Fitch Affirms Fukoku Life at IFS Rating 'A'; Outlook Stable
KEY RATING DRIVERS
The ratings reflect solid capitalisation and a stable life insurance underwriting business with its successful focus on the more profitable "third" (health) sector. These strengths are offset by a smaller market share than its larger rivals, the four major life insurers in Japan.
Fukoku Life's market share is less than 5% in terms of the value of policies in force and the third sector's annual premium in force. Furthermore, its risky assets/adjusted equity stood at 93.7% at end-September 2015, which is still higher than Fitch's median factor of 90% for the 'A' rating category.
Fukoku Life's statutory solvency margin ratio (SMR) had improved to 1,224.0% by end-September 2015 - the second-highest among Japanese traditional life insurers - from 1,129.2% a year earlier. This resulted mainly from larger accumulated capital and reserves, higher unrealised gains on securities, and its effective use of hybrid capital.
Annualised premium in force at Fukoku Life's third sector continued to grow at a modest rate of 0.7% yoy in the first half of the financial year ending March 2016 (1HFYE16). This is moderately low compared with the industry growth rate of 2.3%, partly because the company is protecting its profit margin amid ongoing price competition. Fukoku Life estimates that about half of its insurance underwriting profit is generated from its third-sector products, and Fitch expects this contribution to continue to increase.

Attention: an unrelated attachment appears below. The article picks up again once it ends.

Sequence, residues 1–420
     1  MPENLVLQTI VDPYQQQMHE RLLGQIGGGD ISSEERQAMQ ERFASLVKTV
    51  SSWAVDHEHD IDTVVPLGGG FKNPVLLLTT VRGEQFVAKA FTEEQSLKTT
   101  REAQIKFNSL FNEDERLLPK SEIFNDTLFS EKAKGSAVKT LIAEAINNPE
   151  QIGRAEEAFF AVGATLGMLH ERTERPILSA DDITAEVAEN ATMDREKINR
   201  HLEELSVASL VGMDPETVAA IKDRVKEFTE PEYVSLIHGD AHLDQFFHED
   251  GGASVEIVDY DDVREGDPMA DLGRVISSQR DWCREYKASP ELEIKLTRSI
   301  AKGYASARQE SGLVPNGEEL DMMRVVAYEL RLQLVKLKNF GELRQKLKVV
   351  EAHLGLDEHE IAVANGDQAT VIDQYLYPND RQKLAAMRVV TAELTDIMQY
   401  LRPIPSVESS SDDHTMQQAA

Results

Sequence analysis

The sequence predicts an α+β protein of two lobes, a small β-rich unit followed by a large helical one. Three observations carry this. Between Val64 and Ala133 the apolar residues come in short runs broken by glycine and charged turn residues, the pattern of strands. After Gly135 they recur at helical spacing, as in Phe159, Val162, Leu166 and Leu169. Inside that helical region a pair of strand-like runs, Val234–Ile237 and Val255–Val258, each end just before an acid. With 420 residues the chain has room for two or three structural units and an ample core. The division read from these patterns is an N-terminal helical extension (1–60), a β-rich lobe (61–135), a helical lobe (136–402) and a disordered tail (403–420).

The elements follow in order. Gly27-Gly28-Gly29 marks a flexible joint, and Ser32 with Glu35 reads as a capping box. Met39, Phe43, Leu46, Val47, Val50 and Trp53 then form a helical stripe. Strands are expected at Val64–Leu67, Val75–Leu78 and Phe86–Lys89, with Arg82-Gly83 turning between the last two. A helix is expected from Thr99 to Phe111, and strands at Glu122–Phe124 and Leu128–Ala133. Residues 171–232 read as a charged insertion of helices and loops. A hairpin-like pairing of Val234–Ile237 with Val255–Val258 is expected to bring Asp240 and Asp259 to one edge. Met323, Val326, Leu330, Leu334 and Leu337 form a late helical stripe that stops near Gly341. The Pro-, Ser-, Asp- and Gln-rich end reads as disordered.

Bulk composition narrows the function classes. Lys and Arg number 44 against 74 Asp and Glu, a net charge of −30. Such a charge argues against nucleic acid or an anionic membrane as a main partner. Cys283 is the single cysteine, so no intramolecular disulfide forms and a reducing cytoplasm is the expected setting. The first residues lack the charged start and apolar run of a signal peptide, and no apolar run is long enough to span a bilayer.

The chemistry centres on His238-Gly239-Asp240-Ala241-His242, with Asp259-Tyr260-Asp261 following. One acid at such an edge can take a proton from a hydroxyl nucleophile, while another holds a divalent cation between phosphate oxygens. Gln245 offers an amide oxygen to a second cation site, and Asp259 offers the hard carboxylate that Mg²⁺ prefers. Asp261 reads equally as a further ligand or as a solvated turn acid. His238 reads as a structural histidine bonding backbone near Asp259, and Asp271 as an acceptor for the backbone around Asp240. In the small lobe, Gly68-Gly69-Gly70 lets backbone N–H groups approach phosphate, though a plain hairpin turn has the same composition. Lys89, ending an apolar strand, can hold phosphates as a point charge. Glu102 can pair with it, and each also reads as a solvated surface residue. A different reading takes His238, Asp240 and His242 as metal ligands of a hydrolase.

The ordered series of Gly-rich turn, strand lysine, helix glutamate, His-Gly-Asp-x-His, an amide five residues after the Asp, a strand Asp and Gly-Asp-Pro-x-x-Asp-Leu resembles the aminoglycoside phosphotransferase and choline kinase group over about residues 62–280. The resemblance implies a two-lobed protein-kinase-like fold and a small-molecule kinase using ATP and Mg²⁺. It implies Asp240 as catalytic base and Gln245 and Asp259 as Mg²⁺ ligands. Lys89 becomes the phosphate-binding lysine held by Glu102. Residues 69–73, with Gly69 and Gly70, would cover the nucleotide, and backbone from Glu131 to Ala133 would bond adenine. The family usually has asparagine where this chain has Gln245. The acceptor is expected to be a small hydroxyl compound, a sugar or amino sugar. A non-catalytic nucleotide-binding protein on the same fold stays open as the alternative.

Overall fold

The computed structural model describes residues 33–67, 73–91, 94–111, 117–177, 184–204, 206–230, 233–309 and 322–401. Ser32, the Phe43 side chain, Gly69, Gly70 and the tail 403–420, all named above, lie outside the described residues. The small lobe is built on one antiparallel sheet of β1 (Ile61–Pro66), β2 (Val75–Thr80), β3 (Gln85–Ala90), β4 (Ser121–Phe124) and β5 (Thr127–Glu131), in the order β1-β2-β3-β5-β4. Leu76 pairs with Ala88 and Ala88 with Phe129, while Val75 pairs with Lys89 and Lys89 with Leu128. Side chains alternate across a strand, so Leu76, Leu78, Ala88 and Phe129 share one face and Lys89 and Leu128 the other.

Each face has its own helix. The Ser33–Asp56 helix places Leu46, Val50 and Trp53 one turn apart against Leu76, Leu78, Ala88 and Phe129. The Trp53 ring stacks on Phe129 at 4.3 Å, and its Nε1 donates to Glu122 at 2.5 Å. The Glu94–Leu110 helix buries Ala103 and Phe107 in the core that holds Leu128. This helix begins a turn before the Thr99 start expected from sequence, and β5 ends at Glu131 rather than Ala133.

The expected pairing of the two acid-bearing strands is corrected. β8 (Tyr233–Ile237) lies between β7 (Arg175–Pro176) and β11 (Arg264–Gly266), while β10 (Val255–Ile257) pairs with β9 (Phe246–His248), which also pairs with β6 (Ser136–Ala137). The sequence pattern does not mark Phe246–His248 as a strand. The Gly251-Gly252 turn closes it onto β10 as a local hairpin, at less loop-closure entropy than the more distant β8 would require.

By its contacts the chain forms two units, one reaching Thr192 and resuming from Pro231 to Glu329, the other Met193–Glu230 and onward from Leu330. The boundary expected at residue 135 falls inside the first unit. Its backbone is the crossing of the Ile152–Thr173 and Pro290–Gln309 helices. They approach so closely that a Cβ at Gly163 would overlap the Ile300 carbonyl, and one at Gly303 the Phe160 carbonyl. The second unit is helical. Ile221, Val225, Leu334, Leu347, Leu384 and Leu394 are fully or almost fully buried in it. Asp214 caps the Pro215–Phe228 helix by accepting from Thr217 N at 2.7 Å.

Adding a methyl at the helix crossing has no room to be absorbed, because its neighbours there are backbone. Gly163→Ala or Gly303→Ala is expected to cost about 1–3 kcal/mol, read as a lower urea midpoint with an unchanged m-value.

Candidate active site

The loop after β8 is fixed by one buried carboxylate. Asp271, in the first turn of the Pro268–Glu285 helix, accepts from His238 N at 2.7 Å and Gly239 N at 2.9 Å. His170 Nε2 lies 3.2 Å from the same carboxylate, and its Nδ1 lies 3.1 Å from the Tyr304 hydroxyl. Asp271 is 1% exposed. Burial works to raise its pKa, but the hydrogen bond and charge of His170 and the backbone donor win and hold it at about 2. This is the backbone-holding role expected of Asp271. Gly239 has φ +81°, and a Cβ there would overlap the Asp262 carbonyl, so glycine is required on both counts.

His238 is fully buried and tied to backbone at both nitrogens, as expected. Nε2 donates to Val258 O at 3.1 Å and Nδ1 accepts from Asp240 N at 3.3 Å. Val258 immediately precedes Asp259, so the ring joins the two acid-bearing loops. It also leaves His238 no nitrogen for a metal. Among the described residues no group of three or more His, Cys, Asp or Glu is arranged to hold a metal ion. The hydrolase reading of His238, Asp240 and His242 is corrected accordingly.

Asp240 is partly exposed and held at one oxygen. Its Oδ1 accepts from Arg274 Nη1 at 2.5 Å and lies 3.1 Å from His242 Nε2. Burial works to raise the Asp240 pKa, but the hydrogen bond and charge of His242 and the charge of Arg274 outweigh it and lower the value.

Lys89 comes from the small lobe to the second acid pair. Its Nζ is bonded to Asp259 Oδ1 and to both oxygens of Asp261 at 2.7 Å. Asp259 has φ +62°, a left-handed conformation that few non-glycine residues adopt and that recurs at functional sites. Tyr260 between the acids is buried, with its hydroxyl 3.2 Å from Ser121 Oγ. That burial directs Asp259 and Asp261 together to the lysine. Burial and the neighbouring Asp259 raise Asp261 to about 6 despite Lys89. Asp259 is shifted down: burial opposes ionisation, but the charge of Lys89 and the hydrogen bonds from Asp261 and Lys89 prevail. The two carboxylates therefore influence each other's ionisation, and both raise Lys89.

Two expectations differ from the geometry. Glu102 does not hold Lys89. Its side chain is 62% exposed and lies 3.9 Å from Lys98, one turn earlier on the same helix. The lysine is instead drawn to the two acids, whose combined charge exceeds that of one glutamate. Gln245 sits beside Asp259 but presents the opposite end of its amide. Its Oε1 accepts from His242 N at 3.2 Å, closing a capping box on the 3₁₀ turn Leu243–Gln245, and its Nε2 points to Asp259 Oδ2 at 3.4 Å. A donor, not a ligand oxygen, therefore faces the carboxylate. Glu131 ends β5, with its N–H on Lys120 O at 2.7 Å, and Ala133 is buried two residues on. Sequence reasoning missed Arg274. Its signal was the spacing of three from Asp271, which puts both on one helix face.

Fukoku Life was established in 1923, and is the seventh-largest Japanese traditional life insurer, with a market share of 3% by value of policies in force at end-March 2015.
An upgrade of Fukoku Life's IFS Rating is unlikely in the near future despite Fukoku Life's stronger credit fundamentals than those of most Japanese traditional life insurers, given the constraint of the sovereign rating. Japan's Long-Term Local-Currency Issuer Default Rating (IDR) is 'A' with a Stable Outlook, and Fukoku Life has a high level of government debt holdings (30% of invested assets at end-September 2015). The company has no overseas business diversification to counterbalance the Japanese government bond holdings. Conversely, if the rating on Japan were lowered, the IFS Rating on the insurer would also be likely to be lowered.
Upgrade triggers for the IDR and hybrid debt ratings would include the issuer achieving a larger market share (in terms of the value of policies in force and the third sector's annual premium in force) and a major position in the local life insurance market, or reducing its risky assets/adjusted equity ratio to below 90% while maintaining sound profitability and capitalisation.
Downgrade triggers would include a substantial erosion of capitalisation and deterioration in profitability, in particular if the SMR falls below 600% or financial leverage rises to above 35% (11% at end-September 2015) for a prolonged period.